ASBMB: Are there differences in the sizes of the grants or the durations compared with the NIH?
Chitnis: We can fund up to five years, and I think we’d emphasize that the award duration should be in proportion to the scope of the project. It should be something the PI decides. Unless the review says that there isn’t enough work to do for five years, we do not adjust duration. But otherwise, what the PI asks for we give them. Our current median size is $200,000 a year, and that includes indirect costs. But, of course, the range is from $100,000 to $1 million a year. Last year’s funding rate of MCB was about 16 percent.
ASBMB: The deadline structure at the MCB division has changed. Can you tell us about those adjustments?
Chitnis: About a year ago, the division changed its practices based on the advice of an external committee, which comes and evaluates us every three years. We had deadlines every six months, and they told us that wasn’t enough time for meaningful revision if the grant gets declined, because once the PI found out, there were only a few weeks left before the next deadline. That’s not enough time to revise the proposal meaningfully. So we shifted the cycle length to eight months. Now we have at least two months for the PI to revise. Also, instead of four cycles every two years, now we have three cycles every two years. Some of the other divisions in the BIO directorate have moved to one cycle a year, but most of those divisions may not be relevant to ASBMB members. Now we are evaluating the impact of this change on the PIs and the review process.
ASBMB: How do you see these deadline changes affecting those seeking tenure? If there are fewer opportunities for submitting proposals throughout the year, isn’t that going to push tenure back even further for them?
Chitnis: For the beginning investigator, they have five chances in two years. They can also send us CAREER proposals separately. Deadlines for those CAREER proposals are in July. The funds for CAREER and regular proposals come from the same pot, so the funding rate is about the same. These (CAREER awards) are five-year grants for untenured assistant professors where they talk about their research as well as their educational activities to start off their career. The size is about the same in MCB at $200,000 a year for five years for a CAREER grant.
ASBMB: Are there other differences between the NSF and the NIH you want to emphasize?
Chitnis: At NSF, the program directors make funding decisions, while the panels, the equivalent of study sections at NIH, are advisory to program directors. The panels put the proposals into categories instead of numerical scores, and then the program directors look at all those highly rated proposals and prepare a list of projects that will complement and advance the portfolio of projects that are already funded. That would mean balancing the demographics, diversity, types of projects, areas of science. NSF’s responsibility is, even though we are not a mission agency, to have the top scientific infrastructure in the country, so that’s why we look at the geographical distribution or different areas of science or different types of institutions.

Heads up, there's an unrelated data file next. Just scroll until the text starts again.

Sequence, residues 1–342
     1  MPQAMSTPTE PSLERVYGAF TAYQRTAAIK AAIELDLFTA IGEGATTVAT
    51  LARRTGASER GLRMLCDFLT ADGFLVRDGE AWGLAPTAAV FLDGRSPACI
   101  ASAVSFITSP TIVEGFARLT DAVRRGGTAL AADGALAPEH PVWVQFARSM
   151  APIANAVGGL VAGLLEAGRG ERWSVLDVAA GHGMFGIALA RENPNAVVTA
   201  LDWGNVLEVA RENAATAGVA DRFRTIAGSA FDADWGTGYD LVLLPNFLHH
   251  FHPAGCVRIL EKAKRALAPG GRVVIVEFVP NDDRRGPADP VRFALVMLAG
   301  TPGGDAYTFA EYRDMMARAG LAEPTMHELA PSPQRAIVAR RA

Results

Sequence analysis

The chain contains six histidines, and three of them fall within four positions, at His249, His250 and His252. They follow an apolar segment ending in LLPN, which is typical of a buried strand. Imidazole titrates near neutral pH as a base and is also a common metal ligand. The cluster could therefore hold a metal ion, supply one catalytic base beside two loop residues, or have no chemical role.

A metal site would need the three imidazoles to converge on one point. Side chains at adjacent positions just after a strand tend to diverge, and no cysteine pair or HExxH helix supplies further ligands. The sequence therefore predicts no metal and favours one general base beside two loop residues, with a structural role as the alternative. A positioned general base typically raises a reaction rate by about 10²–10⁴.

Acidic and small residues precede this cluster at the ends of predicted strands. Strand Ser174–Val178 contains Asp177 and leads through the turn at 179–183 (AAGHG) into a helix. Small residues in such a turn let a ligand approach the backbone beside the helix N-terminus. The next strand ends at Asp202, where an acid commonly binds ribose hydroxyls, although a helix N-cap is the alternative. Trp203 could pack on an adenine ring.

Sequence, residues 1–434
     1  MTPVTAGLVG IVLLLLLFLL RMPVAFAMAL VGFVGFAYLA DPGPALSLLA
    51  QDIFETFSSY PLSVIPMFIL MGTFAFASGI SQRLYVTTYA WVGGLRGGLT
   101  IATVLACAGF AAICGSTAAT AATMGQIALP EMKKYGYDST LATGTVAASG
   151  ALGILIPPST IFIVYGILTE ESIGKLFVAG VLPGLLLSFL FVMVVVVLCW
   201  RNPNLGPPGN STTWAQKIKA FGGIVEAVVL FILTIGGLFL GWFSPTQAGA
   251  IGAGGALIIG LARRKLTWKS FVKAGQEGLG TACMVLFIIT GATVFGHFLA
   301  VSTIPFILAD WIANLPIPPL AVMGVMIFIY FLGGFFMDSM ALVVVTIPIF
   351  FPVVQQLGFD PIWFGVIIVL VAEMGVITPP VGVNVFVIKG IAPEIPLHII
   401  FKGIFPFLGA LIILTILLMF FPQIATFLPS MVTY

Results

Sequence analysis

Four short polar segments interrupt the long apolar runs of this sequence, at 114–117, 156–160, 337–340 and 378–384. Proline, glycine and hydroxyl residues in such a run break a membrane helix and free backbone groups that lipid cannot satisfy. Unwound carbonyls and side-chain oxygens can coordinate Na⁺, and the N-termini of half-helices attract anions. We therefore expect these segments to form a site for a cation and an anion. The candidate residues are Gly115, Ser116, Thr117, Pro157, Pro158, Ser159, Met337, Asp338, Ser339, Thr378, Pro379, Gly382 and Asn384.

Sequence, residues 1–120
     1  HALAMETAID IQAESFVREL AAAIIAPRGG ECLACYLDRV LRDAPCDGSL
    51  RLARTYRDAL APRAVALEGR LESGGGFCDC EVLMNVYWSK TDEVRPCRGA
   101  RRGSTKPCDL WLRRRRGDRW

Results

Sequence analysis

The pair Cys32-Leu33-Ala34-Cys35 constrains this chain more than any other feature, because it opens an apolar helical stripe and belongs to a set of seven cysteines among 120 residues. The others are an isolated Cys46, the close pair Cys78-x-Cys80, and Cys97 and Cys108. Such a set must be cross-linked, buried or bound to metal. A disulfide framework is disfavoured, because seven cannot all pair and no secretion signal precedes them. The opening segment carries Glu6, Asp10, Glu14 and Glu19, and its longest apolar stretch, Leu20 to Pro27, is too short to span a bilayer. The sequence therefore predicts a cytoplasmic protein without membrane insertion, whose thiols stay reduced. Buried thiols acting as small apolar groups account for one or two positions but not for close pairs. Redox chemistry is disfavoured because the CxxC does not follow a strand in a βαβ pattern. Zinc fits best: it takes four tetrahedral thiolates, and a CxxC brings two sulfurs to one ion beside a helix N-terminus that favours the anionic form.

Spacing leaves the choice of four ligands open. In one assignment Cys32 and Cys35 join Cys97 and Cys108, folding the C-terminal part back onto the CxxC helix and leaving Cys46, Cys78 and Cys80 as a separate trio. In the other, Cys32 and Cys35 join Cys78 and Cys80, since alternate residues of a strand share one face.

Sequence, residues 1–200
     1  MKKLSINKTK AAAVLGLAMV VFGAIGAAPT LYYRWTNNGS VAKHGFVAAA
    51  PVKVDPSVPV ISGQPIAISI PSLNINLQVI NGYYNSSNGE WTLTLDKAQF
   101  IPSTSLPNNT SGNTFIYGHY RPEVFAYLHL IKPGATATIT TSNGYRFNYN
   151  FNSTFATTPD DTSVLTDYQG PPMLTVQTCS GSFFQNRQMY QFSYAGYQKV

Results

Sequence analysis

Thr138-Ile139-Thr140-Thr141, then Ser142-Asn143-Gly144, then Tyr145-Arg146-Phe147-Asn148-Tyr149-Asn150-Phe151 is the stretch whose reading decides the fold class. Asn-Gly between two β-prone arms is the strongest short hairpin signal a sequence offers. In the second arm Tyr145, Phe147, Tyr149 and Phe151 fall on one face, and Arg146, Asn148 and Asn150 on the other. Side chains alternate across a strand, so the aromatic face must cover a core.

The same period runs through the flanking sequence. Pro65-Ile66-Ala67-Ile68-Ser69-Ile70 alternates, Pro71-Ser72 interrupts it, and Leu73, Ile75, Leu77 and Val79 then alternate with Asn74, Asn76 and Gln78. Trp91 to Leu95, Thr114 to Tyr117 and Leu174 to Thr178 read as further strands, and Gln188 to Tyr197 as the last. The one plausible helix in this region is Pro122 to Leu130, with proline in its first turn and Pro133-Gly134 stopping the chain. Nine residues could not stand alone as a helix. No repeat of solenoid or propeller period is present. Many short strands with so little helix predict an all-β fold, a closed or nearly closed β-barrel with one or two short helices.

ASBMB: What can you tell us about the NSF program directors?
Chitnis: About half of our program directors come from a university on loan, and they go back to the university. They come here for one to two years. So we have a direct connection to the community that we serve. The remaining program directors are permanent. And when they get hired, they are typically tenured, full professors at universities, and we hire them because they have had strong records of publication, grantsmanship, vision for the future directions in science, and they can represent the community well.
ASBMB: What other ways do you get input from the scientific community?
Chitnis: We have a lot of other mechanisms to get community input in what we do and what we think are the future exciting areas, and I think that is very important for us in making those funding decisions. Holding workshops is one way to do it. For example, there was one about RNA and protein folding last summer, which tried to bring together RNA folding people and protein folding researchers so that we can find out what the real challenges are and what we can do about it.
ASBMB: Is there anything you want to emphasize to readers considering submitting to the NSF?
Chitnis: I think what we are really looking for is high-risk, high-impact ideas that will advance the field substantially, because those have a better chance for us to make a bigger impact on the progress of science. Some of the projects we funded, even though the peer review didn’t rate them highly, ended up starting new fields or the PI won NIH Director’s Pioneer Awards.
Angela Hopp (firstname.lastname@example.org) is editor of ASBMB Today. Julie McClure (email@example.com) is ASBMB’s science policy fellow.